DOJ-USA Seal
U.S. Department of Justice


United States Attorney James T. Jacks
Northern District of Texas

 

 

 
 

 

FOR IMMEDIATE RELEASE
MEDIA INQUIRIES: KATHY COLVIN

THURSDAY, APRIL 21, 2011
http://www.usdoj.gov/usao/txn/

 

 


 

 

COPPELL, TEXAS, MAN PLEADS GUILTY
TO FEDERAL CHILD PORNOGRAPHY OFFENSE

DALLAS — Gary Mack Johnson, 54, of Coppell, Texas, pleaded guilty this afternoon before U.S. District Judge Jane J. Boyle to one count of transporting and shipping child pornography, announced U.S. Attorney James T. Jacks of the Northern District of Texas. Johnson, who is on bond, faces a statutory sentence of not less than five years or more than 20 years in prison, a $250,000 fine and up to a lifetime of supervised release. Sentencing is set for August 8, 2011.

According to documents filed in the case, Johnson admits that in February 2010, he was using the Internet and logged onto a website that functions as a gallery post offering numerous links to various child pornography websites. This particular website offers a special “chat” feature where users can access an assortment of different “rooms.” In these rooms, the user can, among other things, hold online text conversations, and post messages, photos and graphics to the entire room or to a specific user. Even though the website has a warning indicating that users are not to post child pornography, Johnson uploaded two child pornography images to specific users in the chat room. Johnson admitted that he did chat online with others about his desire to have sex with children, and would sometimes send and receive child pornography with those persons with whom he chatted.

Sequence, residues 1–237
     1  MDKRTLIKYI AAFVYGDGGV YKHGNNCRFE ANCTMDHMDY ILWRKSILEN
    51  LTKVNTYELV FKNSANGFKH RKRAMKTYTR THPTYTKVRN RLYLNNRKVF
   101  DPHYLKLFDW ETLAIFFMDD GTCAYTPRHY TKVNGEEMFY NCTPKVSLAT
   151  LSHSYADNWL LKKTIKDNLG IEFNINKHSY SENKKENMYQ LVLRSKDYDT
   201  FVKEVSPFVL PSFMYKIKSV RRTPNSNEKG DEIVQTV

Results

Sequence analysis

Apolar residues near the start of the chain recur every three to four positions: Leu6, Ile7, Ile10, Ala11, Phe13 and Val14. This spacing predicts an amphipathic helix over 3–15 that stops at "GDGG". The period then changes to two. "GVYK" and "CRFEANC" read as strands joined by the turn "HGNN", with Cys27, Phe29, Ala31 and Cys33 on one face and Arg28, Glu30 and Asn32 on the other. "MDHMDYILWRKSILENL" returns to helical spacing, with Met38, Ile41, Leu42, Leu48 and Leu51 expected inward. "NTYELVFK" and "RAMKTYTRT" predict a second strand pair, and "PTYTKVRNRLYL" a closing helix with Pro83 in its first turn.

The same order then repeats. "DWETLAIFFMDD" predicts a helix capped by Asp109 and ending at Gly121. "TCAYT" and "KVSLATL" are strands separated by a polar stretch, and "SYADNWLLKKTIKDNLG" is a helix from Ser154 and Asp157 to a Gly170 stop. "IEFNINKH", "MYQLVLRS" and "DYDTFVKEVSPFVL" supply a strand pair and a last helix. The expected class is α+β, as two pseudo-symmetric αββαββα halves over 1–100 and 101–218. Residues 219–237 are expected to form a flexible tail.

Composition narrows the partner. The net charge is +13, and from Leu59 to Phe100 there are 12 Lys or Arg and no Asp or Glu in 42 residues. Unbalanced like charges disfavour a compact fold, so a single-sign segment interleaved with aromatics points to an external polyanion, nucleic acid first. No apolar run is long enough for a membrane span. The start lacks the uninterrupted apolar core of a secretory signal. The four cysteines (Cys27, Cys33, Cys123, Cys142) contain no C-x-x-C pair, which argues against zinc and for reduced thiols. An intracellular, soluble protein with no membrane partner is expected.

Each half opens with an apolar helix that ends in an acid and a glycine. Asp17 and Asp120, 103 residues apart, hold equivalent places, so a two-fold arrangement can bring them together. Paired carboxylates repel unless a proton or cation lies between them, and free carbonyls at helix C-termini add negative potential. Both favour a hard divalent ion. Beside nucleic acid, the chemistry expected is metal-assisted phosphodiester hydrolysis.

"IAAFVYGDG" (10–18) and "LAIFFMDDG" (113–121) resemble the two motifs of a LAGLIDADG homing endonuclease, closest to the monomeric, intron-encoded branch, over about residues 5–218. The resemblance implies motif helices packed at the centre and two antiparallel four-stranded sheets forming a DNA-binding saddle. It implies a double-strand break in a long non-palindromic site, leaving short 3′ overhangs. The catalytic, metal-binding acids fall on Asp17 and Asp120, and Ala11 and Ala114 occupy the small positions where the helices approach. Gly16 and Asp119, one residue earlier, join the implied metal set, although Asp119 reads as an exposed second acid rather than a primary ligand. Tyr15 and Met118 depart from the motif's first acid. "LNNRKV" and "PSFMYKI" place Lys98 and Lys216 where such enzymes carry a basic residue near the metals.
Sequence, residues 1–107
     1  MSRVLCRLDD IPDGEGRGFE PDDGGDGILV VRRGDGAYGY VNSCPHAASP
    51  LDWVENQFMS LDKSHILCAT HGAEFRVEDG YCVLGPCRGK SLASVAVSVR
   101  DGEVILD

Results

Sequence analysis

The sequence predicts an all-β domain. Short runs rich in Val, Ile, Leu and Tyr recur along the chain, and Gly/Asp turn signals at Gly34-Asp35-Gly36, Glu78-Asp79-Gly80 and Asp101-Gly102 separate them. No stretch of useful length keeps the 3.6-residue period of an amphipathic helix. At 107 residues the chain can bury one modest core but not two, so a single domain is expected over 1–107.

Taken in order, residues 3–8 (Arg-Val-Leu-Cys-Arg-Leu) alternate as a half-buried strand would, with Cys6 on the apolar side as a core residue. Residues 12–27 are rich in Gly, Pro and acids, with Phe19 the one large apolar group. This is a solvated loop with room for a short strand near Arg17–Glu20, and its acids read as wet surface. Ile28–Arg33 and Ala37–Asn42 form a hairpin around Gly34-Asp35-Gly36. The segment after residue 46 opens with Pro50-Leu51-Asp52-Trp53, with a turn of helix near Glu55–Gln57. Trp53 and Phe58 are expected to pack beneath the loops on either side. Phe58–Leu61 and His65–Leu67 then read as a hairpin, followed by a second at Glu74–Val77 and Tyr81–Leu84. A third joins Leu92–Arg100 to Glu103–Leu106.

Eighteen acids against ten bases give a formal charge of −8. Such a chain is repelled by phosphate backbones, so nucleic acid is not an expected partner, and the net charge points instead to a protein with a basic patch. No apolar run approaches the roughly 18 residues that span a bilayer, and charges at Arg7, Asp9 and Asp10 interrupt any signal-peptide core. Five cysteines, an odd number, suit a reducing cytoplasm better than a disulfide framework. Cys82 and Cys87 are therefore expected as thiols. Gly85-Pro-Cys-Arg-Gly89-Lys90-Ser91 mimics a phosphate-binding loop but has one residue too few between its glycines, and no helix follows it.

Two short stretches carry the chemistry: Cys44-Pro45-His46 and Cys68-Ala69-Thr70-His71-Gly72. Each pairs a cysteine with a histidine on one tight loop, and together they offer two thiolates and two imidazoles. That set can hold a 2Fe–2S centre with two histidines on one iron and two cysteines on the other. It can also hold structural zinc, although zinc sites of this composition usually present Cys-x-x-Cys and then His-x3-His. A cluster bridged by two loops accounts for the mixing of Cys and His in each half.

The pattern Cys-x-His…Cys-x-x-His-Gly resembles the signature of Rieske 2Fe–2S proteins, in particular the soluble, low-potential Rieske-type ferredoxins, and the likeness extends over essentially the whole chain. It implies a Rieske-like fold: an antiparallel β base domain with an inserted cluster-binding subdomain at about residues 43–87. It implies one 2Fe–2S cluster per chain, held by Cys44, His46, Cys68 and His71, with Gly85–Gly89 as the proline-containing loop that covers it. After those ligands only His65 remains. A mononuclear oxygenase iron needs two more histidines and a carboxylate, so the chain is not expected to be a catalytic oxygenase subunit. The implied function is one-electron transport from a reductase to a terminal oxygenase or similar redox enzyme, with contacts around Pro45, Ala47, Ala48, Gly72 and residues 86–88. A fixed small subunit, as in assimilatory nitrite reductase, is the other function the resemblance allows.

When officers with the Dallas Police Department executed a search warrant at Johnson’s home in Coppell on May 13, 2010, they seized his computer, an external hard drive and a cell phone. Forensic analysis revealed that there were numerous images and videos of child pornography on his computer and cell phone. Johnson admits that some of the images were of prepubescent minors under age 12, and that some of the images depicted bondage and other sadistic acts involving minors.

This case was brought as part of Project Safe Childhood, a nationwide initiative launched in May 2006 by the Department of Justice, to combat the growing epidemic of child sexual exploitation and abuse. Led by U.S. Attorneys’ Offices and the Criminal Division's Child Exploitation and Obscenity Section (CEOS), Project Safe Childhood marshals federal, state and local resources to better locate, apprehend and prosecute individuals who exploit children via the Internet, as well as to identify and rescue victims. For more information about Project Safe Childhood, please visit www.projectsafechildhood.gov

U.S. Immigration and Customs Enforcement's (ICE) Homeland Security Investigations (HSI) and the Dallas Police Department are investigating. Assistant U.S. Attorney Camille Sparks is in charge of the prosecution.

 

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